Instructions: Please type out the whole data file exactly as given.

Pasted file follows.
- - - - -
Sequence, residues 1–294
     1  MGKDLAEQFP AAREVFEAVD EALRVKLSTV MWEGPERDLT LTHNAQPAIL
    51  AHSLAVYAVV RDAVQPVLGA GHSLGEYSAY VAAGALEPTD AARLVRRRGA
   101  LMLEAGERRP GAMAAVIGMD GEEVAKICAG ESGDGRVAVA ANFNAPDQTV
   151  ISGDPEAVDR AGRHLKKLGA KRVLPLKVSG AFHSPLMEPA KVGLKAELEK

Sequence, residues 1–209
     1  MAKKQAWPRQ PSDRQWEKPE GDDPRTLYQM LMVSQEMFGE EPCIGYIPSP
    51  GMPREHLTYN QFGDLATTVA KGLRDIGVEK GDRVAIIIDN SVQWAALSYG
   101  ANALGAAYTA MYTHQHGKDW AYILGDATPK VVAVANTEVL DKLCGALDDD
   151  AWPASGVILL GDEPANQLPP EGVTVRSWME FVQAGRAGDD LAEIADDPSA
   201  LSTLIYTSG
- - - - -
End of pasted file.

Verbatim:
Sequence, residues 1–294
     1  MGKDLAEQFP AAREVFEAVD EALRVKLSTV MWEGPERDLT LTHNAQPAIL
    51  AHSLAVYAVV RDAVQPVLGA GHSLGEYSAY VAAGALEPTD AARLVRRRGA
   101  LMLEAGERRP GAMAAVIGMD GEEVAKICAG ESGDGRVAVA ANFNAPDQTV
   151  ISGDPEAVDR AGRHLKKLGA KRVLPLKVSG AFHSPLMEPA KVGLKAELEK

Sequence, residues 1–209
     1  MAKKQAWPRQ PSDRQWEKPE GDDPRTLYQM LMVSQEMFGE EPCIGYIPSP
    51  GMPREHLTYN QFGDLATTVA KGLRDIGVEK GDRVAIIIDN SVQWAALSYG
   101  ANALGAAYTA MYTHQHGKDW AYILGDATPK VVAVANTEVL DKLCGALDDD
   151  AWPASGVILL GDEPANQLPP EGVTVRSWME FVQAGRAGDD LAEIADDPSA
   201  LSTLIYTSG